For some applications, cloud based clusters may be limited due to communication and/or storage latency and speeds. With GPUs, however, these issue are not present because application running on cloud GPUs perform exactly the same as those in your local cluster — unless the application span multiple nodes and are sensitive to MPI speeds. For those GPU applications that can work well in the cloud environment, a remote cloud may be an attractive option for both production and feasibility studies.
As an open source tool designed to navigate large amounts of data, Hadoop continues to find new uses in HPC. Managing a Hadoop cluster is different than managing an HPC cluster, however. It requires mastering some new concepts, but the hardware is basically the same and many Hadoop clusters now include GPUs to facilitate deep learning.
In a perfect world, there would be one version of all compilers, libraries, and profilers. To make things even easier, hardware would never change. However, technology marches forward, and such a world does not exist. Software tool features are updated, bugs are fixed, and performance is increased. Developers need these improvements but at the same time must manage these differences.
HPC developers want to write code and create new applications. The advanced nature of HPC often requires that this process be associated with specific hardware and software environment present on a given HPC resource. Developers want to extract the maximum performance from HPC hardware and at the same time not get mired down in the complexities of software tool chains and dependencies.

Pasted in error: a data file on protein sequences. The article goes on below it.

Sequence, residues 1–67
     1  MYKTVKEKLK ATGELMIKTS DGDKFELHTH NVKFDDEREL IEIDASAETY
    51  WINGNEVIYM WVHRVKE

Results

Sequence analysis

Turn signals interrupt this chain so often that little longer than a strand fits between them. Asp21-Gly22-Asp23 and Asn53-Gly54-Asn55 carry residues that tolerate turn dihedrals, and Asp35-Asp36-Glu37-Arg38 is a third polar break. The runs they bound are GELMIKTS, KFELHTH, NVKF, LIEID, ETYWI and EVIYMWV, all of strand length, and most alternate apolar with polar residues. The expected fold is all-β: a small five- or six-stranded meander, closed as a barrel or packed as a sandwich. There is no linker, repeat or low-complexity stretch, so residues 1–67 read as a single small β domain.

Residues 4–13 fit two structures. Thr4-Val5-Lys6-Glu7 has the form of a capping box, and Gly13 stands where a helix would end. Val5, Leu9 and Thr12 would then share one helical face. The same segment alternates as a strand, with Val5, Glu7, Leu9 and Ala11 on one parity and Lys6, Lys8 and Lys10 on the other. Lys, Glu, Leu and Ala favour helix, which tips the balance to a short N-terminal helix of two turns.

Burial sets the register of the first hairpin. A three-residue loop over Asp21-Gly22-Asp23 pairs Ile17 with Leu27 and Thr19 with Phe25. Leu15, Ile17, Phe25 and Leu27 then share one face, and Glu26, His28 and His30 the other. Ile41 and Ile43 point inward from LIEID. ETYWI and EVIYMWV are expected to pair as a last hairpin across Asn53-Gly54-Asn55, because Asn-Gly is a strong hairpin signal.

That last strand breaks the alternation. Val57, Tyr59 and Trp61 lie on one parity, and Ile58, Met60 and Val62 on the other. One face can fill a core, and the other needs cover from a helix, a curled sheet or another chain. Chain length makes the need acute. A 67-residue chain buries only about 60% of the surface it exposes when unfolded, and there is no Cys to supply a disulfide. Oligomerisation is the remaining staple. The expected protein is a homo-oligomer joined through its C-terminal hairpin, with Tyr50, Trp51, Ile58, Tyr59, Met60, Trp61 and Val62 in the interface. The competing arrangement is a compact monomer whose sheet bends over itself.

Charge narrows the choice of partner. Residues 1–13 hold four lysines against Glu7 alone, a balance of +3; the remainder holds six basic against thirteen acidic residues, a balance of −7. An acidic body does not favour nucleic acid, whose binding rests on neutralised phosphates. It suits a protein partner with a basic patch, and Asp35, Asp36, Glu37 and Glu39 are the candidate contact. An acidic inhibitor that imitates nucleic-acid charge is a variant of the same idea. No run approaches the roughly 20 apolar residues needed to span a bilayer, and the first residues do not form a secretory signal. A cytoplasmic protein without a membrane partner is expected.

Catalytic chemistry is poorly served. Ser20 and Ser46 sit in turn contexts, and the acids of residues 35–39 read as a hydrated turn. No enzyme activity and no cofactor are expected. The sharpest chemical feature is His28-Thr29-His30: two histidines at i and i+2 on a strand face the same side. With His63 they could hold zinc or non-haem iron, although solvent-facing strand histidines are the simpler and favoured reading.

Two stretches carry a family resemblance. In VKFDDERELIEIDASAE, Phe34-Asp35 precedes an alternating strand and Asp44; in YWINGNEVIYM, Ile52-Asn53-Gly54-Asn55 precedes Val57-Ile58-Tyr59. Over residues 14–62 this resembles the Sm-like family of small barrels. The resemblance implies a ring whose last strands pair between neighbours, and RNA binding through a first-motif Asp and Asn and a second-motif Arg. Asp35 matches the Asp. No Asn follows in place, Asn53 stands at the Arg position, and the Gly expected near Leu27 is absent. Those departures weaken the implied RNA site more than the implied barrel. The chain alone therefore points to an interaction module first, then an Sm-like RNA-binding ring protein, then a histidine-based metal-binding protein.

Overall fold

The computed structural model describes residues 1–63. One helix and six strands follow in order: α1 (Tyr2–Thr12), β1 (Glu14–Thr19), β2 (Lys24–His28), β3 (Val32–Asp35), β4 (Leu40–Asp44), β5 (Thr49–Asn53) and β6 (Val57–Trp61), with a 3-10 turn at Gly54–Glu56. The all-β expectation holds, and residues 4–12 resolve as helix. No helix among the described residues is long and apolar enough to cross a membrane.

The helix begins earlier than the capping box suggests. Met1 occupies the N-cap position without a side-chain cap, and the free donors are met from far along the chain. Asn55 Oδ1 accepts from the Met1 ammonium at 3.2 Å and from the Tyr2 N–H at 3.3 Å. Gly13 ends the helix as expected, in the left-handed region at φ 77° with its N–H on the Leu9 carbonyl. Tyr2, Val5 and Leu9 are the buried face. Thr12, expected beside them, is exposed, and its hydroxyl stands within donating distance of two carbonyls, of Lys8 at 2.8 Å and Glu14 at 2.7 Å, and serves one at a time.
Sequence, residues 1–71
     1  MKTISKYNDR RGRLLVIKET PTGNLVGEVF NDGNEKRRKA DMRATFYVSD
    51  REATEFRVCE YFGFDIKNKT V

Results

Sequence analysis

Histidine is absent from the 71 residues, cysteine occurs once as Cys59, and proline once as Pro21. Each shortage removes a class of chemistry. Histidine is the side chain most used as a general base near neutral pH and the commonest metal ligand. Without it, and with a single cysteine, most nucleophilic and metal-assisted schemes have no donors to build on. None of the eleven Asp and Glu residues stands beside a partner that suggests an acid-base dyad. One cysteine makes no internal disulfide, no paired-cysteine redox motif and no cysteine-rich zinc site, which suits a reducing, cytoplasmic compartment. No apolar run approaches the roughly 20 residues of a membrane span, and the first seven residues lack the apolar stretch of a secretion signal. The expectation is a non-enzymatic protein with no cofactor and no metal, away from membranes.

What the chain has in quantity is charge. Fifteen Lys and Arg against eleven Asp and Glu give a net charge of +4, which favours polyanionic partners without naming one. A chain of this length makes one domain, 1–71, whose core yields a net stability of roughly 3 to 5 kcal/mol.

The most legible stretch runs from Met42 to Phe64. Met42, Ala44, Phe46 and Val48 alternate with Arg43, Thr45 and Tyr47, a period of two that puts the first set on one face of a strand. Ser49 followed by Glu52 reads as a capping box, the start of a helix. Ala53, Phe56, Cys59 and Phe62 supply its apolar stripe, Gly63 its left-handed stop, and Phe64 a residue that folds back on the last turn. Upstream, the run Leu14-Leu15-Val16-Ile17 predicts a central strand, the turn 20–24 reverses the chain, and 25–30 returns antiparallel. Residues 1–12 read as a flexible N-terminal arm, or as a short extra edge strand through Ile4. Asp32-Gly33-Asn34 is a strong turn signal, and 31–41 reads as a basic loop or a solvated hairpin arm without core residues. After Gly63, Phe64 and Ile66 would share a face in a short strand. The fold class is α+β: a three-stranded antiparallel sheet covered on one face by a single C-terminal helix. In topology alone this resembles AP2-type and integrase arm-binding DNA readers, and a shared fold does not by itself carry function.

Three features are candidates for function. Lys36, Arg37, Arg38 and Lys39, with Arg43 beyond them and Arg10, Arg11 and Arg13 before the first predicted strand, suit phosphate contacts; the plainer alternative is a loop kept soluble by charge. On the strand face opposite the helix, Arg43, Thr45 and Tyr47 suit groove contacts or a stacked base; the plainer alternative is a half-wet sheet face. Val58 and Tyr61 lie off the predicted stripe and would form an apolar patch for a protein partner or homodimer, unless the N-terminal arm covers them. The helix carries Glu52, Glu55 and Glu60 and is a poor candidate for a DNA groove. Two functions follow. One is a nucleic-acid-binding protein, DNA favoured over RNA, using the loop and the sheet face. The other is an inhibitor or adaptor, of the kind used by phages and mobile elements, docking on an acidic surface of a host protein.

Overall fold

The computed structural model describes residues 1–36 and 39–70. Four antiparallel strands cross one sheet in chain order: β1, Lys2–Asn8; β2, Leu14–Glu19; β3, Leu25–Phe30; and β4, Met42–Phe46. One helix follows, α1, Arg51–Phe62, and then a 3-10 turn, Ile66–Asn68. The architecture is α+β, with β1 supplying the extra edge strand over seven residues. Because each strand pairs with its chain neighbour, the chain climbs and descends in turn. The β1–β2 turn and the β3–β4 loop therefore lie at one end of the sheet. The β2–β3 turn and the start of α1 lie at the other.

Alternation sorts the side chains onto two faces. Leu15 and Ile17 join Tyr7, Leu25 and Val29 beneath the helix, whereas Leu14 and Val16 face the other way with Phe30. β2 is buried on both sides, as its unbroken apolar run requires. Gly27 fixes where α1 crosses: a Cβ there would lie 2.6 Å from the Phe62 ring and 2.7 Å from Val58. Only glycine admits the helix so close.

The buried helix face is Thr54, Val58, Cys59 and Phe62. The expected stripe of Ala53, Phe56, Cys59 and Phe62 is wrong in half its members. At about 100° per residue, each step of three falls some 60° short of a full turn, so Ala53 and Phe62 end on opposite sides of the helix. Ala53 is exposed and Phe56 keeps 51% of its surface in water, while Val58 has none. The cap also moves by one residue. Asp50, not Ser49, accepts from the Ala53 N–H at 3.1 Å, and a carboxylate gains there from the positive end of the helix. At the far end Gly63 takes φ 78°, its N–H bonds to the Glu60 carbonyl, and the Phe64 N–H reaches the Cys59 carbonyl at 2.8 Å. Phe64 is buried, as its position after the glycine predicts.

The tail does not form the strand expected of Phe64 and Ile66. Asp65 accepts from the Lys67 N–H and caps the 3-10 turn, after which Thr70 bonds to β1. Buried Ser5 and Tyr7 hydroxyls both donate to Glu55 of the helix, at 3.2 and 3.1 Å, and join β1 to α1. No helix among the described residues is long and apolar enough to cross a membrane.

Hadoop configuration and management is very different than that of HPC clusters. Develop a method to easily deploy, start, stop, and manage a Hadoop cluster to avoid costly delays and configuration headaches. Hadoop clusters have more “moving software parts” than HPC clusters; any Hadoop installation should fit into an existing cluster provisioning and monitoring environment and not require administrators to build Hadoop systems from scratch. Learn about managing a Hadoop cluster from the insideHPC article series on Successful HPC Clusters.
Make sure you use Cloud services that are designed for HPC applications including high-bandwidth, low-latency networking, exclusive node use, and high performance compute/storage capabilities for your application set. Develop a very flexible and quick Cloud provisioning scheme that mirrors your local systems as much as possible, and is integrated with the existing workload manager. An ideal solution is where your existing cluster can be seamlessly extended into the Cloud and managed/monitored in the same way as local clusters. Read more from the insideHPC Guide to Managing HPC Clusters.
Heterogeneous hardware is now present in virtually all clusters. Make sure you can monitor all hardware on all installed clusters in a consistent fashion. With extra work and expertise, some open source tools can be customized for this task. There are few versatile and robust tools with a single comprehensive GUI or CLI interface that can consistently manage all popular HPC hardware and software. Any monitoring solution should not interfere with HPC workloads.
Smaller clusters often overload a single server with multiple services such as file, resource scheduling, plus monitoring/management. While this approach may work for systems with fewer than 100 nodes, these services can overload the cluster network or the single server as the cluster grows. InsideHPC Guide show a plan for scalable HPC cluster growth